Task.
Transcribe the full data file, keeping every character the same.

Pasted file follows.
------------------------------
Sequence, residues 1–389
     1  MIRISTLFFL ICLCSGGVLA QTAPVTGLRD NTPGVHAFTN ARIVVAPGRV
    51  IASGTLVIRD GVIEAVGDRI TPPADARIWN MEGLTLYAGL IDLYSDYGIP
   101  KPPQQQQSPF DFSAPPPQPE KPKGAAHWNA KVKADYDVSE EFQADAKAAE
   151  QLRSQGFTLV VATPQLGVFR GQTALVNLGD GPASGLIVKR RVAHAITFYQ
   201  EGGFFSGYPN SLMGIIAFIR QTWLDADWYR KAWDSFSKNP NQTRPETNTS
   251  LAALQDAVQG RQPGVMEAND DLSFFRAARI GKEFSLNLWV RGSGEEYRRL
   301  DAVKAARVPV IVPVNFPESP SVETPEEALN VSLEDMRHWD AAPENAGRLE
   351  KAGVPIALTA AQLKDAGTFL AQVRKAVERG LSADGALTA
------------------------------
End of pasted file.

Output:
Sequence, residues 1–389
     1  MIRISTLFFL ICLCSGGVLA QTAPVTGLRD NTPGVHAFTN ARIVVAPGRV
    51  IASGTLVIRD GVIEAVGDRI TPPADARIWN MEGLTLYAGL IDLYSDYGIP
   101  KPPQQQQSPF DFSAPPPQPE KPKGAAHWNA KVKADYDVSE EFQADAKAAE
   151  QLRSQGFTLV VATPQLGVFR GQTALVNLGD GPASGLIVKR RVAHAITFYQ
   201  EGGFFSGYPN SLMGIIAFIR QTWLDADWYR KAWDSFSKNP NQTRPETNTS
   251  LAALQDAVQG RQPGVMEAND DLSFFRAARI GKEFSLNLWV RGSGEEYRRL
   301  DAVKAARVPV IVPVNFPESP SVETPEEALN VSLEDMRHWD AAPENAGRLE
   351  KAGVPIALTA AQLKDAGTFL AQVRKAVERG LSADGALTA